When new technology takes the industry by storm, does your QA team have the “education, training, and experience” necessary to execute their required responsibilities? Even when outsourced, the contract giver needs to have the requisite skills to provide adequate oversight. These concepts are also summarized in the FDA publication “Q10 Pharmaceutical Quality System” regarding both in-house and outsourced activities. However, the concepts of data governance (DG) risks and artificial intelligence (AI) deployment are quickly outpacing the traditional background of quality professionals responsible for oversight over its deployment in an organization.

From the regulator’s vantage point, public statements and strategies have been issued to increase and modernize Agency capabilities. Further reading is available for the FDA and EMA (respectively) at:

The power and potential of AI is undeniable; however, one commonly utilized element of an overall compliance strategy is to ensure that there is a human in the loop to provide oversight. Even if outsourced, it is still essential that this oversight has both the technical knowledge and the quality insight to provide the necessary guidance and guardrails. In the risk-adverse environment of regulated industry, stress will be put on organizations if the traditional QA roles do not invest in AI capability to ensure that oversight is appropriately executed, now and in the future. Depending on a company’s organizational structure, the validation function will also need to be considered, since they are often responsible for the functional testing of systems.

The EU Artificial Intelligence Act has already defined high risk systems as those that meet both of the following specifications:

(a) the AI system is intended to be used as a safety component of a product, or the AI system is itself a product, covered by the Union harmonization legislation listed in Annex I;

(b) the product whose safety component pursuant to point (a) is the AI system, or the AI system itself as a product, is required to undergo a third-party conformity assessment, with a view to the placing on the market or the putting into service of that product pursuant to the Union harmonization legislation listed in Annex I.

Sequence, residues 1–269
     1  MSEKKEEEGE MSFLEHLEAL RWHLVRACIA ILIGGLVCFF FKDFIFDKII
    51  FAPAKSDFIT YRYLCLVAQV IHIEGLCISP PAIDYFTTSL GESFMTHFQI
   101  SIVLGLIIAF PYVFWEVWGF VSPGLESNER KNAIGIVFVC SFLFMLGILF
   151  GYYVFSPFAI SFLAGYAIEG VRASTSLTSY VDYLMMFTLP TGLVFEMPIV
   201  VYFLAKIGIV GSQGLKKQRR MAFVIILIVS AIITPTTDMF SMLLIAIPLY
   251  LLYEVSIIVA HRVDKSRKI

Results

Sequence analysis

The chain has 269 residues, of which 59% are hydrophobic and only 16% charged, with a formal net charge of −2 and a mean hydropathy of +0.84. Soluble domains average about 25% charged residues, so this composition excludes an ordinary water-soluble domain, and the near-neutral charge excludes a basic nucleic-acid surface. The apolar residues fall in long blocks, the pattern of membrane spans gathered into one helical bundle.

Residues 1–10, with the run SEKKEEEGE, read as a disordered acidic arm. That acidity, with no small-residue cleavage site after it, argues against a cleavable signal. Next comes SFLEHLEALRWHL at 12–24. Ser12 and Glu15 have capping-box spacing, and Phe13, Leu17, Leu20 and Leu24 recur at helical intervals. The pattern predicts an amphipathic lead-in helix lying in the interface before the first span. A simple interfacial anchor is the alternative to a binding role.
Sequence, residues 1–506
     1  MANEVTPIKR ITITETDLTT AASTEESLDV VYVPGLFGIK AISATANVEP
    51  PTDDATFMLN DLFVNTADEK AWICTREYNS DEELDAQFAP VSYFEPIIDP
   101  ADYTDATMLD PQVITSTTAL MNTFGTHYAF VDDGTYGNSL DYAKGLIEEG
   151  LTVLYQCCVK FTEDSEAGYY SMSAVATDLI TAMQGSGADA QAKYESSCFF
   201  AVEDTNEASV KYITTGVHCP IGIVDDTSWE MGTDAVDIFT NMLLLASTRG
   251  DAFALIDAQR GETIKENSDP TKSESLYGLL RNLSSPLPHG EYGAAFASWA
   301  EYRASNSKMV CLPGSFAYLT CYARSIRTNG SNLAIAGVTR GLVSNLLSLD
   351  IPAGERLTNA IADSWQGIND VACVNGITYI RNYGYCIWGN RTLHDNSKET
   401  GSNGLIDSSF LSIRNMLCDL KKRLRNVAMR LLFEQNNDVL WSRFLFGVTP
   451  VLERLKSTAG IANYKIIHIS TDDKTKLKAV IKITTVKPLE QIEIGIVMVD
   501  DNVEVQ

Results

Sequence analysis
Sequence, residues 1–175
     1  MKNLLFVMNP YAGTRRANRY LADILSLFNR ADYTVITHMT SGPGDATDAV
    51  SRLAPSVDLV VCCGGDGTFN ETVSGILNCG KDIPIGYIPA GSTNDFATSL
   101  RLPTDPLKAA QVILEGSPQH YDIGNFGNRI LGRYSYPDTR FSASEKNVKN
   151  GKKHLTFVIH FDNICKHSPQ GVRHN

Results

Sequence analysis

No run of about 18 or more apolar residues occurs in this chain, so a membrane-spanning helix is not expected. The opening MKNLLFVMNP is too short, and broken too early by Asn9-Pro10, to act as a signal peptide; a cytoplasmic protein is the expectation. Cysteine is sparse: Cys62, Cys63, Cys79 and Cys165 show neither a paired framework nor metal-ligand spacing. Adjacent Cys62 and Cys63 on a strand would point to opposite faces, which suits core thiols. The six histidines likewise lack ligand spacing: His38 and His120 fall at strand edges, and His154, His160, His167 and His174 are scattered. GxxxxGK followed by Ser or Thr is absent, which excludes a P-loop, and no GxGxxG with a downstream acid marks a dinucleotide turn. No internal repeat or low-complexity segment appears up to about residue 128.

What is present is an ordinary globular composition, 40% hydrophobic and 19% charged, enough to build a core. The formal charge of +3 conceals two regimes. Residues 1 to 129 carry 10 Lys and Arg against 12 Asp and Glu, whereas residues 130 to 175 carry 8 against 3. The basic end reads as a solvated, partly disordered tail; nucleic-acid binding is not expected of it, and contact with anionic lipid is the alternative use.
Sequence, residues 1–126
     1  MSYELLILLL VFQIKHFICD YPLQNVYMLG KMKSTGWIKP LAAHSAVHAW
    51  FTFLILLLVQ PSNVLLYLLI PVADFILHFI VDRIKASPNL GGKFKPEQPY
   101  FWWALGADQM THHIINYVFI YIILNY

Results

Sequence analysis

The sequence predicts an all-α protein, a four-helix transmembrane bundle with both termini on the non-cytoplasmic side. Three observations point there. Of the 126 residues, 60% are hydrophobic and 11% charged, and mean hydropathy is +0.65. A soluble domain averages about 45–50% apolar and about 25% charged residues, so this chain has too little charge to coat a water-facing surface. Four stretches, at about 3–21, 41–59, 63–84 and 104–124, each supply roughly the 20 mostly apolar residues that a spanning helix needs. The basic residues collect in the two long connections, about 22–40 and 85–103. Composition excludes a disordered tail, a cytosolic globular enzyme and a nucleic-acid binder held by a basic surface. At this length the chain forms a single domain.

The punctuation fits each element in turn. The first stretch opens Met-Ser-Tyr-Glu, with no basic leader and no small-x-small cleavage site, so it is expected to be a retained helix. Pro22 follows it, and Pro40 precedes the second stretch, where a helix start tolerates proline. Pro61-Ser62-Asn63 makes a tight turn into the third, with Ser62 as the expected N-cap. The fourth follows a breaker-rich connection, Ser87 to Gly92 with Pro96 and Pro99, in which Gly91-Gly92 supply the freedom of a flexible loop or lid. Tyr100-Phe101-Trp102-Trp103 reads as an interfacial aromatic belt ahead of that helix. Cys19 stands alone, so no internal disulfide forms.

If your quality organization is not familiar with how to apply these definitions at your site, you may already be behind in the race for qualified talent. Any mature organization realizes that the technology and the quality oversight need to work in unison. A recent publication by CB Insights Research (Pharma AI Readiness Index: Who’s best-positioned for the AI boom? CB Insights Research) has published the readiness score of the top 50 companies. Many of these companies have partnered with outsourced providers, which then applies new pressure on a company’s vendor qualification. It is believed by many industry insiders that the gap with quality professionals ranks lower than these aggregated readiness scores.

Is your organization investing in the future of quality professionals, or will you need to buy talent from the market in an ever-increasing stressed talent pool? Lachman Consultants can help your firm identify key areas of risk with our established methodologies, and we can help incorporate mitigations to ensure that the convergence of risk management, technology, and capabilities of quality oversight don’t leave your firm lagging behind.

Lachman Consultants can help your company to identify key skills and build the data centric capability in your Quality Assurance organization. Additionally, we can help deliver robust compliance strategies for your AI solutions for GMP use. Reach out to us at LCS@LachmanConsultants.com for a free consultation.